In Central African Republic (CAR), clashes between armed groups have killed 38 people and forced several hundreds out from their homes, local authorities said on Tuesday.
According to the United Nation’s peacekeeping mission, known as MINUSCA, the clashes broke out on Saturday in the eastern town of Bria between different ethnic factions of the ex-Seleka armed group FPRC.
A regional prefect Evariste Binguinendji said about thirty-eight were killed based on a body count at the local hospital, but the death toll could be closer to 50.
At least 5000 people have fled the area following the fighting. As of Monday, some order has been restored; the UN and local armed forces are patrolling the area. However, tension remains high, according to local media.
The Central African nation has suffered recurrent bouts of civil conflict since December 2012, which has led to hundreds of deaths and almost 700,000 internally displaced persons (IDPs), and has pushed more than 500,000 people to seek refuge in neighbouring Cameroon, Democratic Republic of the Congo (DRC), and Chad.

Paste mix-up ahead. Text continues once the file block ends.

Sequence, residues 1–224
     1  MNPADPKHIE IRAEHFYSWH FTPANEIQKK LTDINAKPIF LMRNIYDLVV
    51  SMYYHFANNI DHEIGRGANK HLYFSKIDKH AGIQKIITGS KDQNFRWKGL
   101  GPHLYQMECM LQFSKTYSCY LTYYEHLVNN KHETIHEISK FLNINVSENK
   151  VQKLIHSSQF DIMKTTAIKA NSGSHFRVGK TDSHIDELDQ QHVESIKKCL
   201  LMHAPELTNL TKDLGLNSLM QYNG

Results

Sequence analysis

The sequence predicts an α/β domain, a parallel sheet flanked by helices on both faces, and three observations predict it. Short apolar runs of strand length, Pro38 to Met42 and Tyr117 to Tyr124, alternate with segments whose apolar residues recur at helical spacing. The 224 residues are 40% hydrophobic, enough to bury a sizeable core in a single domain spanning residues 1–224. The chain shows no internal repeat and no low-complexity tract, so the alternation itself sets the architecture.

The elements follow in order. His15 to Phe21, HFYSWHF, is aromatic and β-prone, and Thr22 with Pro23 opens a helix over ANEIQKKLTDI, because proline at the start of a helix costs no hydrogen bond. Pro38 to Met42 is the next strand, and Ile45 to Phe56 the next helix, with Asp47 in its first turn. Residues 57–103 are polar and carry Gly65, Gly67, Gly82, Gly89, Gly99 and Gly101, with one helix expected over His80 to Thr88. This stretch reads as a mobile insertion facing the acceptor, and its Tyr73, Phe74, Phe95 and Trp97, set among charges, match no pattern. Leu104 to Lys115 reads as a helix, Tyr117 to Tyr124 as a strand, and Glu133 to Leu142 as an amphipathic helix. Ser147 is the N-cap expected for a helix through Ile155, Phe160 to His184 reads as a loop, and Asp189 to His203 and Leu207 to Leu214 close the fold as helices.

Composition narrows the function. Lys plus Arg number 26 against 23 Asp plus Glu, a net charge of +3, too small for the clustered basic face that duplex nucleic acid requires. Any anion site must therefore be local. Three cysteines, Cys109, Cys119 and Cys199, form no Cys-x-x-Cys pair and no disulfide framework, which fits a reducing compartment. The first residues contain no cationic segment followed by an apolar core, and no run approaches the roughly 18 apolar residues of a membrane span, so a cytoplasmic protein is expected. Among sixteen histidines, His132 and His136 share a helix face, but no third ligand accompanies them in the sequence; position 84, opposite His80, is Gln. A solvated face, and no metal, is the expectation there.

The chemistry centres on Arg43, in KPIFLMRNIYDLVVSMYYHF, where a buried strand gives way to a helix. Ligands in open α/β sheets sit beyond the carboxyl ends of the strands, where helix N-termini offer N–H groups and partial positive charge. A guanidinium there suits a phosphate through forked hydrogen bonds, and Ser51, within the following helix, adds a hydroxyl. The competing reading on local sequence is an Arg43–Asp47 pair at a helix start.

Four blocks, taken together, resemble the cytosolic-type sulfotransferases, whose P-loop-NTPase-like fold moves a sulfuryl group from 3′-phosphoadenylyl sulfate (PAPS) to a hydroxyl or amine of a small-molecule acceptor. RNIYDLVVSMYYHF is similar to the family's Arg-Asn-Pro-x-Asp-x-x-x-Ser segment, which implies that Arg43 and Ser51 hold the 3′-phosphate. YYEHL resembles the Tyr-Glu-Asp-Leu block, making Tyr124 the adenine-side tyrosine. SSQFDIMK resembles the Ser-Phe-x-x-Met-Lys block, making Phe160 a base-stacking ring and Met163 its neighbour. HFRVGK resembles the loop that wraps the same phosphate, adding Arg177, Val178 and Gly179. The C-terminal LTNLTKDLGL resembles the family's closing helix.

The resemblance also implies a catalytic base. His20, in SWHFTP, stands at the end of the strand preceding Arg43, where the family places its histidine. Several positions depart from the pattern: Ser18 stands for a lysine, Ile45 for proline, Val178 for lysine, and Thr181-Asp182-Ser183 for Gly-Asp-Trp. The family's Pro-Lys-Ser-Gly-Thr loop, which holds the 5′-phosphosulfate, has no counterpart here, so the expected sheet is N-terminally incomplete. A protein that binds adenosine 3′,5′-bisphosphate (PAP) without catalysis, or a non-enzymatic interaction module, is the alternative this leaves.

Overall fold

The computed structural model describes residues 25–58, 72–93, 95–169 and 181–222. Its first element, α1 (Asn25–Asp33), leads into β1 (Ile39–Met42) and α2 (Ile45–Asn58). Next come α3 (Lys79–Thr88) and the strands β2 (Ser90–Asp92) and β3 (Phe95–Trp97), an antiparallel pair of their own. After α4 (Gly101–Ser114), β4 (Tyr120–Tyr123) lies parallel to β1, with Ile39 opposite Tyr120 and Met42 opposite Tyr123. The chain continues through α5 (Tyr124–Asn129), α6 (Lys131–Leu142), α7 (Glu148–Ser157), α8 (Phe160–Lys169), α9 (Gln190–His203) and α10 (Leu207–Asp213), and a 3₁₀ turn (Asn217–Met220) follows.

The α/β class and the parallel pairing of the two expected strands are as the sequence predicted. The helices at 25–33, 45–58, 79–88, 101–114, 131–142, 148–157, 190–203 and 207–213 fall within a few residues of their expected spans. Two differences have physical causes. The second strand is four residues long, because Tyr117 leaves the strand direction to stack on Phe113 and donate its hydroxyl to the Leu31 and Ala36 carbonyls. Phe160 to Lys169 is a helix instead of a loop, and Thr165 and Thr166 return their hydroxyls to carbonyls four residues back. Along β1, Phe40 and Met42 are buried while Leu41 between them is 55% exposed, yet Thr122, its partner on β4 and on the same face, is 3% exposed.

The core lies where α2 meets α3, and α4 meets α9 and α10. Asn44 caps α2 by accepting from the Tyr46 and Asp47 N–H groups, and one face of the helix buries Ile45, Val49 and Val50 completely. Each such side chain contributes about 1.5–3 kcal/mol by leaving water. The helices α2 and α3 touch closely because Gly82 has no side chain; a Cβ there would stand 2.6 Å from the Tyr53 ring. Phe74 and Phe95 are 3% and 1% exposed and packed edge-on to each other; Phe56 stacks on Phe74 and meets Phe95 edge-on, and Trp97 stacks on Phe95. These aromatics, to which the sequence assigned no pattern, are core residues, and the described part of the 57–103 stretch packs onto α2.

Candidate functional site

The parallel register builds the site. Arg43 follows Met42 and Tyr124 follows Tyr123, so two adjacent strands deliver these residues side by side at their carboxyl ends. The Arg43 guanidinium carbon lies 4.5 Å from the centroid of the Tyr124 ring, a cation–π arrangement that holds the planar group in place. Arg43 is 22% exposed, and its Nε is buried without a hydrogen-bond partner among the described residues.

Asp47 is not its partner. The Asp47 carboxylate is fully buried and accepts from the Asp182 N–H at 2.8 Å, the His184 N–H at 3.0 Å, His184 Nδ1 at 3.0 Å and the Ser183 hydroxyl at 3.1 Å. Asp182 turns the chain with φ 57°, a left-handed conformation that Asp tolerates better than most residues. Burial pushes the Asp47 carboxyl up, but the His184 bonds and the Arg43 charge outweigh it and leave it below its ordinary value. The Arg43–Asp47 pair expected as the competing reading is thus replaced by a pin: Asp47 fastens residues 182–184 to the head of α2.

Clashes between various armed groups continue to be reported, although a peace agreement between armed groups and the government was signed on February 6, 2019.
The CAR is now one of the world’s poorest and most volatile countries. The United Nations estimated in September that two thirds of the population depends on humanitarian aid to survive.
The country is ranked next-to-last after Niger on the 2018 UNDP’s Human Development Index, which compares longevity, education, and income per capita. Life expectancy is just 52.9 years.